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New FX Show “POSE” Touches on the HIV Epidemic

(Image is subject to copyright. Source: Getty Images, FX)

This past weekend saw the series premiere of “POSE,” on FX, the newest show from Ryan Murphy, highlighting the Ballroom scene during the late 1980s. The show is the first of its kind, with a primarily black and queer cast—specifically several transgender actors and writers and producers.

The show’s debut was amazing, showing several narratives within the community that have never been seen on television. Based on what has been shown early on, the HIV epidemic will also play a vital role in various storylines showing how the virus intersected and destroyed many of our subcultures.

Within the first ten minutes of the show there was a scene dealing with the diagnosis of HIV. The story takes place in 1987, which was during the height of the epidemic. Although HIV is now treatable and manageable for those who have access to medication and care, it is still a problem more than 30 years later. However, those of us living with the virus currently know the shoulders on which we stand that allowed us to be alive today.

The scene that I was referring to included a transgender woman named Blanca and was short and to the point. She pressured the nurse to just give her the news; and the nurse told her that she had HIV. The next scene goes to her talking with her friend—played by Billy Porter—who basically tells her that she doesn’t have to let the virus rule her. That just because it is deemed a “death sentence” doesn’t mean that her life is over. The topic of HIV was brought up several times in the episode in various ways.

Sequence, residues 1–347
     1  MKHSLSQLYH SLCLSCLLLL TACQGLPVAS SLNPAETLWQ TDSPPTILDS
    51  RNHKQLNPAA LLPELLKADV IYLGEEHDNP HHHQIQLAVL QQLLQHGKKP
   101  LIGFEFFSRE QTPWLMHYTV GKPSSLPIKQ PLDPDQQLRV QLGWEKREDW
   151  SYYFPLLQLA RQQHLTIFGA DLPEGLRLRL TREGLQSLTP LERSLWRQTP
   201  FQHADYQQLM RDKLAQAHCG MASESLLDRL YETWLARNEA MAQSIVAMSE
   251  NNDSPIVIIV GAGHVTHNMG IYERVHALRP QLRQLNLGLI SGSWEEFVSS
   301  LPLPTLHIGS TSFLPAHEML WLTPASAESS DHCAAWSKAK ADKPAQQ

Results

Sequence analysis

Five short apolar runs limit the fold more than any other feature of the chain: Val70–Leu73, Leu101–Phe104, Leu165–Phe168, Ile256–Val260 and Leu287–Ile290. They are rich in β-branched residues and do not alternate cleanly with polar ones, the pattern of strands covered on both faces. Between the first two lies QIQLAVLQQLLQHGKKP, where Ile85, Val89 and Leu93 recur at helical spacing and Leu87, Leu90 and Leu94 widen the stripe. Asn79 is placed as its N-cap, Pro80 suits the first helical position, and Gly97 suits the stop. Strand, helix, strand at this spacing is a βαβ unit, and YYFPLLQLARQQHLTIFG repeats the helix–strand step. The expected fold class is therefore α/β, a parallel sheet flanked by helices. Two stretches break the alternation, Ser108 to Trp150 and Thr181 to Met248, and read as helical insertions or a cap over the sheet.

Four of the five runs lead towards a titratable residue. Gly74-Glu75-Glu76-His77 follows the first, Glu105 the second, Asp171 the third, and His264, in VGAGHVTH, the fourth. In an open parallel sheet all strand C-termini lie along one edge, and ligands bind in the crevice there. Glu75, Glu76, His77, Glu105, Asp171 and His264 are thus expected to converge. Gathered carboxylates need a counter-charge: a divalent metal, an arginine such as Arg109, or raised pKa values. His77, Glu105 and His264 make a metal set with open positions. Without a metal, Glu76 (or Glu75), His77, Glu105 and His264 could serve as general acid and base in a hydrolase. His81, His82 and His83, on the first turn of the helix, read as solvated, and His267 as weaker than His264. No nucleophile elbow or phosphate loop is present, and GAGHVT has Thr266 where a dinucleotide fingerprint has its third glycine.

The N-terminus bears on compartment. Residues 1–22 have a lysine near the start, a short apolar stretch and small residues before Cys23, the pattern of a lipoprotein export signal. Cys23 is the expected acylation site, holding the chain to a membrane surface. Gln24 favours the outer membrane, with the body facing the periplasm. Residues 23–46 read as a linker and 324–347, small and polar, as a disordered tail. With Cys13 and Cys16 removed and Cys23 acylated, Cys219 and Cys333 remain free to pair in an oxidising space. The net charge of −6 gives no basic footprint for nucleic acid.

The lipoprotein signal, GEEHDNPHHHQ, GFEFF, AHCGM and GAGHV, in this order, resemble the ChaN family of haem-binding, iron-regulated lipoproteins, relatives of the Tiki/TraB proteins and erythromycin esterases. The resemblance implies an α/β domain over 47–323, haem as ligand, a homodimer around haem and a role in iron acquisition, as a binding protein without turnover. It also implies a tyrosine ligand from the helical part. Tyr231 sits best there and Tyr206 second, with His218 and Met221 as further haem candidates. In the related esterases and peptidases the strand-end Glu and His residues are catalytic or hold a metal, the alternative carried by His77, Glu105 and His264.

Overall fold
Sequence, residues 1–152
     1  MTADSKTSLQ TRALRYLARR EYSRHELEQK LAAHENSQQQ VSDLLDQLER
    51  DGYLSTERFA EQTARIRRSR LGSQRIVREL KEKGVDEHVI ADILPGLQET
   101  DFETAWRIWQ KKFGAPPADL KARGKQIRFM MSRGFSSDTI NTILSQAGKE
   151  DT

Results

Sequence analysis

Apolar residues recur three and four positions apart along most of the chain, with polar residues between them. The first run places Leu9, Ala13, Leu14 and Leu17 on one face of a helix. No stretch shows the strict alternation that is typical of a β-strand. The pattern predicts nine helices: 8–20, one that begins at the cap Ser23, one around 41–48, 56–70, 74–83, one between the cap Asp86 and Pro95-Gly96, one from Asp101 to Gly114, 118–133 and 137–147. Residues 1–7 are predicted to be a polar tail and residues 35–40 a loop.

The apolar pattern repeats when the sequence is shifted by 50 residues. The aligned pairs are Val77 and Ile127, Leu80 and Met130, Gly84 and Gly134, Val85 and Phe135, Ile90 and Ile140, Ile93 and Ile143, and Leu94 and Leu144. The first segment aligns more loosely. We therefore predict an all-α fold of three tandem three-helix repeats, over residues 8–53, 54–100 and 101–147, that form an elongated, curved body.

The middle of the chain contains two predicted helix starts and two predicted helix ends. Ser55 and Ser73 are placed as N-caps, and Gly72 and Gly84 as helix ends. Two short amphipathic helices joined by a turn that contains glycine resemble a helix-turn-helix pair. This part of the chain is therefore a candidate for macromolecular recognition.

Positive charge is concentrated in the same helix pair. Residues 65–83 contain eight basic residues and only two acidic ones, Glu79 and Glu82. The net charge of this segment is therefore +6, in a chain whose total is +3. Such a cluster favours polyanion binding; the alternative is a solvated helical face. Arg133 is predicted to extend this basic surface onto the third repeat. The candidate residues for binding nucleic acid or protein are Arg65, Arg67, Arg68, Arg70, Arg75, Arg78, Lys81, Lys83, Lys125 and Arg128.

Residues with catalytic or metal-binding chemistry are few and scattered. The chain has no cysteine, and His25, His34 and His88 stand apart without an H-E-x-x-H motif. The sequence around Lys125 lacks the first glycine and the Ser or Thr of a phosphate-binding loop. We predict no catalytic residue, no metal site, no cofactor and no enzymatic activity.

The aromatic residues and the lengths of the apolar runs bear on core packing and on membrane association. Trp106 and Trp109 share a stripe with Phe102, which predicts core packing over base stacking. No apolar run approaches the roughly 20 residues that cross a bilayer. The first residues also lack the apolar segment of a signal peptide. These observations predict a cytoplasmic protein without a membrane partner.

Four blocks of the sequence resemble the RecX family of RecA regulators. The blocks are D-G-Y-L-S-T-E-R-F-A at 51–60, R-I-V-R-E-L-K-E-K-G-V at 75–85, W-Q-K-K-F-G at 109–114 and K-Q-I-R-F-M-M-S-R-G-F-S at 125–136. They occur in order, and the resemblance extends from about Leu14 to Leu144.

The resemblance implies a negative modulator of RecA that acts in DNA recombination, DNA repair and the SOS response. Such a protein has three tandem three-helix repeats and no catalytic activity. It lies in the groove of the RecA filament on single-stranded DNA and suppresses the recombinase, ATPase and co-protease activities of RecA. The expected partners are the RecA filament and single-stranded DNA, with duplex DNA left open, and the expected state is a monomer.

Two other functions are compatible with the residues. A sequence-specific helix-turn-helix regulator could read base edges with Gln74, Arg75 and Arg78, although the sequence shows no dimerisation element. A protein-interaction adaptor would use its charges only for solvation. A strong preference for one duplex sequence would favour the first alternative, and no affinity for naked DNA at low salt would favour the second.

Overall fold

There was another powerful scene when Blanca, the newest house mother, was telling one of her children about going to “the pier” and having sex. She not only stated that people in her house aren’t going to be sex workers, but the importance of always using protection with any anyone they are having sex with. She never tells them of her new status, but is taking it upon herself to make sure that her kids don’t make the same “mistake” that she made.

The following weeks will continue to discuss the HIV epidemic in greater detail. We’re sure to see some powerful scenes with Billy Porter, discussing how he is losing people weekly—including a hospital scene where he’s visiting a dying friend.

Working in this field for several years, I have found that it is something that we discuss very often—that is, the loss of so many black and brown queer lives to the virus. I often think that there is a fear in showcasing our community during those years because so much of it was based in the HIV epidemic; an epidemic that has never left our community despite the numerous advancements in technology and medicine. There is truly no way to write or showcase black queer history during those times without the inclusion of HIV—because it truly played a role.

It will be interesting to see how HIV plays a role in the show. To watch how the stigma and discrimination happened during those times in correlation to what we see happening every day today. So far, we have already seen several characters be affected by it, one from infection and one from watching many of their loved ones lose their lives to the virus. Storytelling like this is rare, especially when showcasing a community that has always existed in the margins of the pages. Telling the story of ballroom culture and the intersection of HIV will be important—as we are able to correlate some of what continues to happen today with what happened back then.

I’m excited about “POSE” and what it means to see black queer people showcased in totality: the good and the bad; the joy and the pain. We have been fighting against the epidemic for long enough to know that the narrative of HIV has often erased our stories. This is a chance to showcase our side of the epidemic, inclusive of all the other narratives we have never had a chance to tell.